“Normal” Barbie has Arrived

Side by side comparison of current and prototype Barbie

Since the issue of toys came up with this previous post, I thought I would share a recent development to America’s favorite doll. The artist Nickolay Lamm has created a Barbie that he believes more correctly resembles the true measurements of women in our society today. Lamm states his intentions in this article, but here a few excerpts:

“I created normal Barbie because I wanted to show that average is beautiful,’’ Lamm wrote in an email to TODAY.com. “If average-looking Barbie looks this good and if there’s even a chance of Barbie negatively influencing young girls, why not make one?”

He writes in his post on MyDeals.com that “some people say that we shouldn’t pay attention to the body proportions of Barbie because she is just a toy.” However, he then cites research suggesting Barbie may lead to heightened body dissatisfaction among young girls, unhealthy eating behaviors, and a desire to eat less in order to achieve a slim body.

Lamm expresses the significance a single toy can have on the self esteems of our children and thus wished to create a Barbie that would better represent the actual female body. The issue here lies in the fact that despite his intentions this new Barbie is still created through a male’s perspective, so how much credit do I really give it? I do not believe I should discredit his “Normal” Barbie creation completely, but what is to stop this new Barbie for being another ideal body type sought after by thousands of young girls through less than healthy means?

Then again, does the creator being man or woman really change anything about the proposed social implications this Barbie is supposed to reproduce? If we are able to sell this off as a type of body type instead of an ideal body type then many of my personal worries of idealism would be resolved. Of course, in order to even get to that point, “Normal” Barbie would have to be mass produced by original Barbie manufacturer, Mattel. So far, Mattel has not made a public statement on the matter, but here’s hoping “Normal” Barbie hits the shelves right in time for the holiday season. Unfortunately, something tells me Riley still won’t be too pleased.

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3 thoughts on ““Normal” Barbie has Arrived

  1. I think we can all agree that the new Barbie is definitely more realistic than the original Barbie and even more “Normal” in the sense that her figure seems plausible. I can still remember how traumatized I was to learn about Barbie’s proportions in middle school health class–that if she were “real” she wouldn’t have the strength to carry the weight of her own head and that she would be forced to move on all fours. I also wondered how I had gone so long without ever considering that…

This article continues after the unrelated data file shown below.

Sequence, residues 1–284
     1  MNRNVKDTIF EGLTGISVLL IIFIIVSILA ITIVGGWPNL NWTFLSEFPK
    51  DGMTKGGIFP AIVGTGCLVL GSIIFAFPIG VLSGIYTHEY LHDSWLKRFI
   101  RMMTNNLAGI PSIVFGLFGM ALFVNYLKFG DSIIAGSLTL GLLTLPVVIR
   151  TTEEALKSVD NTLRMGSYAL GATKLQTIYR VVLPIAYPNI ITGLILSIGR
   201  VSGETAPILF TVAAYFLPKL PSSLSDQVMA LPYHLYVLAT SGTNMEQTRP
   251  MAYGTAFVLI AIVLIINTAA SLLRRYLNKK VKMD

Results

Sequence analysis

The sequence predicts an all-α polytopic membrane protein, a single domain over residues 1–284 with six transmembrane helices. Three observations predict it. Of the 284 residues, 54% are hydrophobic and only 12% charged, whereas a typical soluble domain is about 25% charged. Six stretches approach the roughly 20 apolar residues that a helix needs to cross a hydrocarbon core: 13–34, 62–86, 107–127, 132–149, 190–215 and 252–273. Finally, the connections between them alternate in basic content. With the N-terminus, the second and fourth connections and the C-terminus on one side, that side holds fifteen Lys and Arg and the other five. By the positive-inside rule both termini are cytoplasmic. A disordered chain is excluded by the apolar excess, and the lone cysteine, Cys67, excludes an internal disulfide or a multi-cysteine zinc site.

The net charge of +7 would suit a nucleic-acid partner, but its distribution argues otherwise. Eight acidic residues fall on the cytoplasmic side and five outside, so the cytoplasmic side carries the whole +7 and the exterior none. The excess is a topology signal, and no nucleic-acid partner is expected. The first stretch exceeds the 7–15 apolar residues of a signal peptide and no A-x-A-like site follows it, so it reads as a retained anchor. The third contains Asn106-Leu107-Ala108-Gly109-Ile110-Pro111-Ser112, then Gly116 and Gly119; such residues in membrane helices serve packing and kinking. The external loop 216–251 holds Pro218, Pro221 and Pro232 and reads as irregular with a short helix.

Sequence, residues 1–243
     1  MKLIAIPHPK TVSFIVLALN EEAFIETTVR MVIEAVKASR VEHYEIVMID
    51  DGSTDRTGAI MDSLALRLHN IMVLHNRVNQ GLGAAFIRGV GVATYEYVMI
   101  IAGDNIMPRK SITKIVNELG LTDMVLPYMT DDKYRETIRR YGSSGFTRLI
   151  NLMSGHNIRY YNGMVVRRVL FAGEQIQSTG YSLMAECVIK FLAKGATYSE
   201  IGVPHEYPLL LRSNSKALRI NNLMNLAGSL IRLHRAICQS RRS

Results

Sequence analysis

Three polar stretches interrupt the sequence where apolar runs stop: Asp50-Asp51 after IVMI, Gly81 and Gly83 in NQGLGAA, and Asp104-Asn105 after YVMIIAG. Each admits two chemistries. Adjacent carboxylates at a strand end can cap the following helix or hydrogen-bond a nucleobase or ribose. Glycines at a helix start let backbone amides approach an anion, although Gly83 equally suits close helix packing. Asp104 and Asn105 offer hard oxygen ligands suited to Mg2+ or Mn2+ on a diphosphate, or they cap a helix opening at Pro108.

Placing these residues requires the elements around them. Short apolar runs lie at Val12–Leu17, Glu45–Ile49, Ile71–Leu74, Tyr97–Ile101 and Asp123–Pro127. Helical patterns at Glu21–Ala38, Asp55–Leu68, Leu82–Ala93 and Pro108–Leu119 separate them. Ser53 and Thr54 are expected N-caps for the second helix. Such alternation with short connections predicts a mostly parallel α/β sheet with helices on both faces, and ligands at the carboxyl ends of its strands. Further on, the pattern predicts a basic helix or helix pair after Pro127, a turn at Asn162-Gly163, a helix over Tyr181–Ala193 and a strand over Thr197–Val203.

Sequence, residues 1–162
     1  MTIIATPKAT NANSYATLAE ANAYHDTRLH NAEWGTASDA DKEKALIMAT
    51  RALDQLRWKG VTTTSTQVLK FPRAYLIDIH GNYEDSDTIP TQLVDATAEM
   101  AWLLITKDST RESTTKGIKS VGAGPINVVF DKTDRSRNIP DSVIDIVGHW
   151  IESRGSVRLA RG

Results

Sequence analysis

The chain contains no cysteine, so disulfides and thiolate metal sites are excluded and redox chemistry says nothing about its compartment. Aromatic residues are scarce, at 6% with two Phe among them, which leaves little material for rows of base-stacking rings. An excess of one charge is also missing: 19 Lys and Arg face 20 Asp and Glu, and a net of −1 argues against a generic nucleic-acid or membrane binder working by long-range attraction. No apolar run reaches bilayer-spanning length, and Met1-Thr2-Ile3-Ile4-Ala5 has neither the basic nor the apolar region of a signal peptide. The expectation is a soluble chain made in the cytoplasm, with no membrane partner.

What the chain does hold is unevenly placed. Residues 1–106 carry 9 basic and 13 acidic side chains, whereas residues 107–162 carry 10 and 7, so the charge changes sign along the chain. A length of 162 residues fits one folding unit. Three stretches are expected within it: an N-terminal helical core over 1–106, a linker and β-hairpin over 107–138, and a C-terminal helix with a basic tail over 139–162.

I found an article that describes Barbie’s unrealistic proportions here: http://www.dailymail.co.uk/news/article-2308658/How-Barbies-body-size-look-real-life-Walking-fours-missing-half-liver-inches-intestine.html#ixzz2iPFgtwzW

    Although this new Barbie is a step in the right direction, I think it’s dangerous to refer to a single body type as “Normal.” You’re right in saying, it’s less problematic if this Barbie can be put forward as one type and not an ideal type, but is that even possible if this is the only form presented, especially if mass-produced so that there are tens of thousands of one type? Would it be crazy for there to be multiple “Normal” Barbies so that normal actually meant “Variety,” that we are all not the same, nor are we intended to be the same? I don’t think it would be crazy. Perhaps, it would be an opportunity for Mattel to make even more money, since Barbies would require more than one size of clothing. Just a thought, Mattel.

  2. Although I think that it’s great that this has been produced, like hb, I also take issue with the use of the word ‘normal’ as a qualifier here. The body represented by that particular Barbie is a body that many women do share, but it isn’t ‘normal’ for every woman. It’s a bit like Real Women Have Curves all over again; the use of any sort of qualifier always acts to exclude, thus reifying ideological constraint of what is considered beautiful, rather than including. I also wonder why, if the makers were striving to make a more inclusive and realistic Barbie, why they didn’t think to change Barbie’s hair color, facial features, or skin tone? You might argue that these factors are what makes Barbie Barbie, but they also present a standard of beauty that it as troubling as Barbie’s proportions are.

  3. Though the new Barbie doesn’t eradicate all that was wrong with the previous Barbie, its creation definitely reflects great progress. However, even if Mattel starts mass producing the new Barbie, they need to remember that their work isn’t done yet. Barbie still only represents one body shape. The next step Mattel needs to take is making Barbies of various body shapes (and hair color, facial features, etc., as others have rightly pointed out). Only then will young girls and boys learn that beauty comes in all shapes and sizes.

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